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The following statement is Acres International's reaction to its conviction in a Lesotho court in connection with its contracts on the Lesotho Highlands Water Project. (Attachments at end are as background)
Acres International said it was shocked by the decision handed down by a trial judge in Lesotho and would immediately begin an appeal. Acres continues to strongly declare its innocence of the charges and will take vigorous action to protect its good name.
Acres is proud of its efforts to assist in developing countries around the world and it is also proud of its 78 year unblemished record for ethical business practice and its high reputation for integrity and honesty in international development.
The Lesotho court somehow arrived at a decision which is directly opposite to that of the World Bank Sanctions Committee, which dismissed the same charges against Acres in February 2002 after an exhaustive two and a half year investigation and a review of all of the evidence available to the Lesotho prosecution.
Acres, in good faith, retained a highly regarded Lesotho engineer as its independent local representative in Lesotho. In doing so, Acres was following a practice recommended by the World Bank, other development banks, the government of Canada, and international industry organizations, of appointing a local representative for assistance in complex, international projects. The compensation paid to the representative over the life of Acres' work on the Lesotho Highlands Water Project (1985-1999) was at the lower end of industry norms and government guidelines for comparable international projects. The representative was also the Honourary Canadian Consul in Lesotho.
Without Acres' knowledge, the representative was secretly paying part of his fee to the director of the water project. Acres had no knowledge or suspicion of these payments, could not have anticipated them, had no motive for them, and received no benefit. The unlawful payments were entirely between the now-deceased representative and the project director.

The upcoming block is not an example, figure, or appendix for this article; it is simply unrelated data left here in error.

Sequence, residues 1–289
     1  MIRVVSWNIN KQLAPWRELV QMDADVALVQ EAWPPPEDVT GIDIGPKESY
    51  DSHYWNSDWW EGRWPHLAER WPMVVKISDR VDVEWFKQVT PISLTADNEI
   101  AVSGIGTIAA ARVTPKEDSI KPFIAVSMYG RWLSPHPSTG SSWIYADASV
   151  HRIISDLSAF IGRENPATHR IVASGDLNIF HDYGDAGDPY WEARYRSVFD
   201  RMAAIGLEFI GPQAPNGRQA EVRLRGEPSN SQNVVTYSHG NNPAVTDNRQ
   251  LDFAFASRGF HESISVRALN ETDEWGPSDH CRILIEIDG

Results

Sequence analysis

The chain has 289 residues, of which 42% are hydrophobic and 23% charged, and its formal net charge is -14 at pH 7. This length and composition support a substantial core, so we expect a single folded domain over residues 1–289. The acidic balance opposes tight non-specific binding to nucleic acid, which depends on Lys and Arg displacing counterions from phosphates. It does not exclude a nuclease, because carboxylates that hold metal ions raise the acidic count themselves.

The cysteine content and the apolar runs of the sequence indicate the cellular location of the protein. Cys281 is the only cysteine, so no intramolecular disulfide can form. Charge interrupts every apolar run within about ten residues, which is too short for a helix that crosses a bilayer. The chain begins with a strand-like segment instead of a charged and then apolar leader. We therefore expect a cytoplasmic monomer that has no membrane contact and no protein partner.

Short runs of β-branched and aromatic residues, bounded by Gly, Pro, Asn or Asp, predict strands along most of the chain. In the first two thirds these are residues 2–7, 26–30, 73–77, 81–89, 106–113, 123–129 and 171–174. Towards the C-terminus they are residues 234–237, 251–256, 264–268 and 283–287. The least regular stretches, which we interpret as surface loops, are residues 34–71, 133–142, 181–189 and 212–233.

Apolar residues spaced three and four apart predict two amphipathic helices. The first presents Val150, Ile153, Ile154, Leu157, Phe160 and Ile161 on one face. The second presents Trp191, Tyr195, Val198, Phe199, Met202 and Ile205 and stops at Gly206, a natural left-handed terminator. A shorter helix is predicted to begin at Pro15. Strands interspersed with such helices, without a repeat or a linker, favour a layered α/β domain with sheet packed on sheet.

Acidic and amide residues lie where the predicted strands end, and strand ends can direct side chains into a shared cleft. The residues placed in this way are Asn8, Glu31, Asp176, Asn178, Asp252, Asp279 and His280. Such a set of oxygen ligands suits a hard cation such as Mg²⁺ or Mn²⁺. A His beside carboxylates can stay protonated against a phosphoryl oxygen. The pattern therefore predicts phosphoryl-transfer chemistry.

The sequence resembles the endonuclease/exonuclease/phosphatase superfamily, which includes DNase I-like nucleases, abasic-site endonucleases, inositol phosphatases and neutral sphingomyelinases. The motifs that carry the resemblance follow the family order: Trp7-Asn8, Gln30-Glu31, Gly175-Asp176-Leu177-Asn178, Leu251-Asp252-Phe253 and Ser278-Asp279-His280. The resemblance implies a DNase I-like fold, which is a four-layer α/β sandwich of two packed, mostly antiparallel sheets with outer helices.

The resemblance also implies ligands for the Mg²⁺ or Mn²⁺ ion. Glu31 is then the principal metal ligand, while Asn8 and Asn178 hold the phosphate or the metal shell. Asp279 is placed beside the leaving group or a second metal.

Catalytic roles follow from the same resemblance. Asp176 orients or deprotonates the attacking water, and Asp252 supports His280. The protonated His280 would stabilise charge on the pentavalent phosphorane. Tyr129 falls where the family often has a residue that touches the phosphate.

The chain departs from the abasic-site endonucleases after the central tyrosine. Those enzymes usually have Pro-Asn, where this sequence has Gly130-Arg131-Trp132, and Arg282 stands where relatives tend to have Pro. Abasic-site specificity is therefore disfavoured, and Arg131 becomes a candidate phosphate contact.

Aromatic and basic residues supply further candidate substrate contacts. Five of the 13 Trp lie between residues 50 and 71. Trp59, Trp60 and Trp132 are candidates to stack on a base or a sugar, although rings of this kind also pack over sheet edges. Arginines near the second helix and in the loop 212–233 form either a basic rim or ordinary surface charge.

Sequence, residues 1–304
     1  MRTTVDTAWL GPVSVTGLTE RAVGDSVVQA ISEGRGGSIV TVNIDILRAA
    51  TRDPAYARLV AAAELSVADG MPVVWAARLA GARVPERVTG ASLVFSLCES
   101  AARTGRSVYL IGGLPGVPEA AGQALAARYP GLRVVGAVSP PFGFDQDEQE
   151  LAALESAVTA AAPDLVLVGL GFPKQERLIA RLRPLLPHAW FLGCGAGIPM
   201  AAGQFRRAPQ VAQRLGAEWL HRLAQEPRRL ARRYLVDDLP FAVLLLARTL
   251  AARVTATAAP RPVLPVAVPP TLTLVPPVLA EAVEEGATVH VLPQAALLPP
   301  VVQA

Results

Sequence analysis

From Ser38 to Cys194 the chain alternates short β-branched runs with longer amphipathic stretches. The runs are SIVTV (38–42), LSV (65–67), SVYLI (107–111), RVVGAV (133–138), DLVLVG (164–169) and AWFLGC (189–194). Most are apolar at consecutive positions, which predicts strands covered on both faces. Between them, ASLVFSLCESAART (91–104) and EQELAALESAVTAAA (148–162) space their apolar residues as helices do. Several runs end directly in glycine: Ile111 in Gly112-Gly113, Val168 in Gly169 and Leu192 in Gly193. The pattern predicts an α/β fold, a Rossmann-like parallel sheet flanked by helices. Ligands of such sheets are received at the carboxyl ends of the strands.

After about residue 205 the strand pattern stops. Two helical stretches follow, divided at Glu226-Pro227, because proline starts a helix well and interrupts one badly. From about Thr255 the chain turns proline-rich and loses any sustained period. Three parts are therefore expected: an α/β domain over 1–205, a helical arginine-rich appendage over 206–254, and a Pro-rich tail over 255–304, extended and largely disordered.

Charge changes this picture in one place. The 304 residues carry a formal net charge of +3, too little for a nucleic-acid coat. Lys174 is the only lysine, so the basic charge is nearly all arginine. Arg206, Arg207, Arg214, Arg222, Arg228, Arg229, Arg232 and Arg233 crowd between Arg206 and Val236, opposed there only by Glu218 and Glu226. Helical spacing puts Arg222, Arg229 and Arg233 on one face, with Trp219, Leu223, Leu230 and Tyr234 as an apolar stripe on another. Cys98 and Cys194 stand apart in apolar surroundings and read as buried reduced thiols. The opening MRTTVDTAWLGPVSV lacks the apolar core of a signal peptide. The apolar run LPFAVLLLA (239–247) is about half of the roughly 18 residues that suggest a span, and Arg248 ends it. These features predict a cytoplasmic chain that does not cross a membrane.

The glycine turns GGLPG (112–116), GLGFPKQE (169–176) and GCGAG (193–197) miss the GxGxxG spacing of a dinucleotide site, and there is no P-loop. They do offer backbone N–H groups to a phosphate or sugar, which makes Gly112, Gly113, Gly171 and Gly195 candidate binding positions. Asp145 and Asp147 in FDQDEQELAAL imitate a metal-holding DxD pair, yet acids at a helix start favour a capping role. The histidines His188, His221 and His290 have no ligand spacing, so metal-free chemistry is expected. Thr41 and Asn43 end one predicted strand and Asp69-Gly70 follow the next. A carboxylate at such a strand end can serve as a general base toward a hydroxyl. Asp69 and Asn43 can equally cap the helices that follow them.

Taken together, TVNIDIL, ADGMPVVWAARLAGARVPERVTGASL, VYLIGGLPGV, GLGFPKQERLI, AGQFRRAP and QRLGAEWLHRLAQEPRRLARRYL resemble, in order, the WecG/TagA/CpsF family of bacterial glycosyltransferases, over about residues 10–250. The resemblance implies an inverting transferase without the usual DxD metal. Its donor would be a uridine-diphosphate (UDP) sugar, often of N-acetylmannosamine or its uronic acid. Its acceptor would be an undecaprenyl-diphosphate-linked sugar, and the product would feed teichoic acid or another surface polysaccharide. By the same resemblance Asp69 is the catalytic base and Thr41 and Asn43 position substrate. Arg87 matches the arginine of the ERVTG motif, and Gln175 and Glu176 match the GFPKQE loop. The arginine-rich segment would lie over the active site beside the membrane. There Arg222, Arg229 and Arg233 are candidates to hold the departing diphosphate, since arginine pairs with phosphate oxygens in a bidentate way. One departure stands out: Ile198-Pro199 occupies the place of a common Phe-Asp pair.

The company was successful in winning an initial Lesotho contract following a competitive bidding process supervised by the governments of Lesotho and South Africa, review and approval by the World Bank and peer review by an international consulting engineering firm. A second, follow-on contract was also subject to a multi-tiered approval process. The project director did not govern that process.
This decision sets a dangerous precedent that, if allowed to stand, will greatly increase the risk to companies (consulting engineers, contractors, suppliers, etc.) who do business in developing countries. The trial court surprisingly ignored Acres' entirely legitimate reasons for retaining a local representative in a particularly unstable country at that time, as well as the fact that Acres' agreement with the representative expressly prohibits illegal activities such as the payment of bribes. There was no evidence that Acres or its officers or employees knew of or encouraged the illegal payments. This decision means that Canadian and other developed country firms can be found guilty of crimes without any clear evidence showing that they had reason to know of or participated in the illegal actions of their independent representative.
Acres chose to proceed to trial first, believing a careful and balanced assessment of the evidence by the Lesotho court, in a country reputed to have an independent judiciary, particularly with the higher burden of proof required in a criminal trial, would reach the same conclusions as previous investigations and hearings into the matter.
Acres firmly believes that the decision is wrong at law and incorrect in its assessment of the evidence, and that an impartial and fair review of the case by the appeal court will vindicate the company.
August 27, 2002
By Fax: 011 27 12 328 4254 (Original by courier)
The Hon. Ronnie Kasrils
Minister of Water Affairs and Forestry
Government of South Africa
Sedibeng Building, 10th Floor
185 Schoeman Street
Pretoria, South Africa
Dear Minister Kasrils,
I am writing in response to your public statement of May 21, 2002 which included comments about companies before the Lesotho courts on allegations related to the Lesotho Highlands Water Project.